At every wedding we do things to recall one of the saddest moments in Jewish history and also express our eager anticipation for the most glorious moment yet to come.

At the conclusion of the Chuppah ceremony it is customary for the Chatan to break a glass goblet or cup to recall the destruction of Jerusalem and the Beit Hamikdash. A source for this custom is the words of the Psalmist “to elevate Jerusalem above my foremost joy” (137:6). The breaking of the glass serves as a reminder to all present that our joy is incomplete as long as Jerusalem and the Beit Hamikdash lie in ruins. In some circles, it is also the custom to recite the verses “If I forget you, Jerusalem, let my right hand fall. Let my tongue adhere to my palate if I fail to recall you, if I fail to elevate Jerusalem above my foremost joy.” In fact the fifth of the “seven berachot” — “May the barren one (Jerusalem) rejoice” is also recited for that purpose.

At the same time, in the concluding berachah of the seven berachot, we pray to Hashem for the Messianic era: “Soon, O G‑d our G‑d, may there be heard in the cities of Judah and in the streets of Jerusalem, a sound of gladness, a sound of joy the sound of the bridegroom and the sound of the bride.”

Interestingly, also in the Torah portion of this week, one pasuk alludes to the two Temples that were destroyed and the future third Beit Hamikdash that we eagerly anticpate.

The Torah portion of Tetzaveh begins with Hashem’s instructions to Moshe to command the Jewish people to prepare purely pressed olive oil for the purpose of kindling the Menorah.

The Menorah was kindled daily in the first Beit Hamikdash throughout the entire 410 years of its existence. Afterwards, it was kindled again continuously during the 420 years of the second Beit Hamikdash. The third Beit Hamikdash will be everlasting and thus, the kindling of the Menorah will be perpetual.

The precise wording in the Torah is “shemen zayit zach” — pure olive oil, katit lama’or — pressed for illumination — leha’alot neir tamid — to kindle the lamp continuously” (27:20).

The Baal Haturim and others note that the word “katit” (כתית) — “crushed” — has in it the letters "כ" and "ת", whose numerical value is 420, and the letters "י" and "ת", which have the numerical value of 410. Thus, the Torah is alluding that pure olive oil should be used "כתית" — for the 830 years — of the kindling of the Menorah. Afterwards, will be “leha’alot neir tamid” — the third Beit Hamikdash — in which the candles will be lit forever.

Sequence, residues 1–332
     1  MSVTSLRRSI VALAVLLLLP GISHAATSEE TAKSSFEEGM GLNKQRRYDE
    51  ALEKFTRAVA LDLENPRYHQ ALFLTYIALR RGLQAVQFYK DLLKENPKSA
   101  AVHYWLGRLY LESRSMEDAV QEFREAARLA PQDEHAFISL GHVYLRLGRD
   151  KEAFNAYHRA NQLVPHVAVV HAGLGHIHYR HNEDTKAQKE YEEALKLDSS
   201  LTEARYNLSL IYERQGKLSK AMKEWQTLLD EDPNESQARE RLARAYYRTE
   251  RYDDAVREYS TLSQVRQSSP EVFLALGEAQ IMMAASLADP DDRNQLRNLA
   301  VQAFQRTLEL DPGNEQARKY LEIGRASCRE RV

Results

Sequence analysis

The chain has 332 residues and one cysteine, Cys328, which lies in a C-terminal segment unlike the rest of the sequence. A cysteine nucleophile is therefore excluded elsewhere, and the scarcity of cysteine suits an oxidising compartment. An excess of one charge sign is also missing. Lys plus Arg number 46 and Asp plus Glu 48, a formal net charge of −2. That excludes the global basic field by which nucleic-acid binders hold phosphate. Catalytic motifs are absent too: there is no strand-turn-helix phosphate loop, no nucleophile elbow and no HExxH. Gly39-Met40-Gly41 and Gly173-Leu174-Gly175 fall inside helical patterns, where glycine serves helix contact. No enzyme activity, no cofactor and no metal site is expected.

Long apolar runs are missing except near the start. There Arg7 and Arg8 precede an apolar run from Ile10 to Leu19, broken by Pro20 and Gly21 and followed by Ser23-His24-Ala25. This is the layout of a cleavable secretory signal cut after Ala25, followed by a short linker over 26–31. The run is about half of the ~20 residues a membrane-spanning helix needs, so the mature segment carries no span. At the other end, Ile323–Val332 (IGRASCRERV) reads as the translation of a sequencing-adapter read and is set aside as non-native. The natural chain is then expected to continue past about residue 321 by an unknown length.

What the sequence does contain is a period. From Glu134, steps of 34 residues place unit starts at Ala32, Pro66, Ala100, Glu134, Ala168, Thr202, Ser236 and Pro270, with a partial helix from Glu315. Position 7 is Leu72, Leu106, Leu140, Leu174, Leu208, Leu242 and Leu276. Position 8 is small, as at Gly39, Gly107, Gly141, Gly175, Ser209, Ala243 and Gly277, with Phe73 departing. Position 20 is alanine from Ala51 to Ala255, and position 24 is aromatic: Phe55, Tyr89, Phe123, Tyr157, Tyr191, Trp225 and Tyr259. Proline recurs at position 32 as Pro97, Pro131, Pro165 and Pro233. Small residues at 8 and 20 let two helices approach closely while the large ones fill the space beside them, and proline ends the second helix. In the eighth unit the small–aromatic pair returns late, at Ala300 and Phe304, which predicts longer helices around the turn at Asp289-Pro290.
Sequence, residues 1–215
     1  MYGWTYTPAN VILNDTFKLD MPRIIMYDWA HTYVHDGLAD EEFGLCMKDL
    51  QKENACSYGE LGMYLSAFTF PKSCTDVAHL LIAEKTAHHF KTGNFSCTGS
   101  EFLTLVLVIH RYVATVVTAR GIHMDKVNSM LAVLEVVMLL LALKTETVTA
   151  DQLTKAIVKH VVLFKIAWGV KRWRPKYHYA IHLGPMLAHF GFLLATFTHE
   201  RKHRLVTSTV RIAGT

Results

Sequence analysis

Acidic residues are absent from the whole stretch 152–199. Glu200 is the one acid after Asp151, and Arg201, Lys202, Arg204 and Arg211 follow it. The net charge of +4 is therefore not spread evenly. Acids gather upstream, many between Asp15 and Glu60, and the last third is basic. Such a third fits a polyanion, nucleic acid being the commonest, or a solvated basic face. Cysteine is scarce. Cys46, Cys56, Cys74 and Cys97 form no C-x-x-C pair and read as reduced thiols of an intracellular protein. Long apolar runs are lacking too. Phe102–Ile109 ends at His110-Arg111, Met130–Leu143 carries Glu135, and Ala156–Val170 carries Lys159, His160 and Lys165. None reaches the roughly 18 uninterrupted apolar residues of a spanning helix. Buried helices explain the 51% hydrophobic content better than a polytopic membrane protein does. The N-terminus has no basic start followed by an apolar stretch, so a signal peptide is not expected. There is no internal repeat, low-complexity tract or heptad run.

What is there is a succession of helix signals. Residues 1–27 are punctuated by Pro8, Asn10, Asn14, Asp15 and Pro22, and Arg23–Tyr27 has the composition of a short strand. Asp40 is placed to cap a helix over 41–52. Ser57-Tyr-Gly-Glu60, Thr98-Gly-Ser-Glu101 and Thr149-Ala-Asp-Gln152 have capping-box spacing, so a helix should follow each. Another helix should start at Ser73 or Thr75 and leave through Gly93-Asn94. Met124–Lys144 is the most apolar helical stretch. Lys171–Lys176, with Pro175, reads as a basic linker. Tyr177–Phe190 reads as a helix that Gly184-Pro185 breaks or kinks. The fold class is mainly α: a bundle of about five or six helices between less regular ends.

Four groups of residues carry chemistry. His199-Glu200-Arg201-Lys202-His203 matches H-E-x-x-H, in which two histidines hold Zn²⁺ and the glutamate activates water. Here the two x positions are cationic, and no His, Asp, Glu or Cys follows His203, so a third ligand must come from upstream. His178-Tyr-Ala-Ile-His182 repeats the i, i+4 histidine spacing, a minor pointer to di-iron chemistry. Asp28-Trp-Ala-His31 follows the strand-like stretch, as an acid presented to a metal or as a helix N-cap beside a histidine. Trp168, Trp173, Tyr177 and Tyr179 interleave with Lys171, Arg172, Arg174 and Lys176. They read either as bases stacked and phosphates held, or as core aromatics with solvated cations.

Now let me tell you some interesting facts about the oil used for the kindling. The Gemara (Menachot 85b) says that the oil of the city of Tekoa, a town located in the southern half of Eretz Yisrael, was of superior quality. So though all olive oil would halachically qualify, they would use primarily the oil of Tekoa. The olives were harvested three times a year and three grades of oil were extracted. For the first olive harvest they would pick the crop at the top of the olive tree. These are the first to ripen and the ones most exposed to sunlight. In an effort to get the choicest oil, the olives were crushed (pressed) and only the first drop of oil was fit to be used for the Menorah. This oil was free of any foreign substance or even olive sediment. The subsequent oils, which were not as pure and of a lesser quality, were used for the menachot — meal offerings.

One need not be an oil connoisseur to understand that such oil was very costly, especially in comparison to the inferior oil used for the meal offering. If so, a simple question comes to mind:

Normally, one uses the best oil for baking and cheaper oil for burning and lighting. Why in the MishkanTabernacle — and the Beit Hamikdash was it the reverse?

One of the early commentaries on Chumash, known as the Klei Yakar, extracted a fascinating lesson from this, which in my humble opinion, remains relevant and which addresses a common malady in the contemporary Jewish community.

The Menorah is the prototype of spirituality. It represents Torah and mitzvot, as King Shlomo states, “Neir mitzvah veTorah or” — “A candle is a mitzvah and Torah is light” (Proverbs 6:23). A Korban Minchah — meal offering — is eaten and represents the material and physical needs of a person.

Unfortunately, there are people who plead poverty when they have to spend money for Torah and mitzvot, but have plenty of money when it comes to personal matters. I could cite many examples for this. Do I have to tell you of the many people who build themselves mansions and who will skimp on kosher mezuzot? Other people have money for lavish cruises and vacations, but seek the largest scholarship from the tuition committee. Then there is the parent who makes a breathtaking Bar Mitzvah celebration for their son while buying inexpensive Tefillin of questionable kashrut. I could, sadly, go on and on.

From the way things were done in the Mishkan we can learn true priorities. For Torah and mitzvot one should spend money and use the best and purest. For personal pleasure, a Jew should practice restraint and learn to suffice with less.

My dear Chatan and Kallah, I wish you the very best in affluence and in a measure more than you can imagine, but at the same time remember the message we learn from the oil of the Menorah. Make your spiritual needs a priority, and G‑d will bestow material wealth upon you in abundant measure.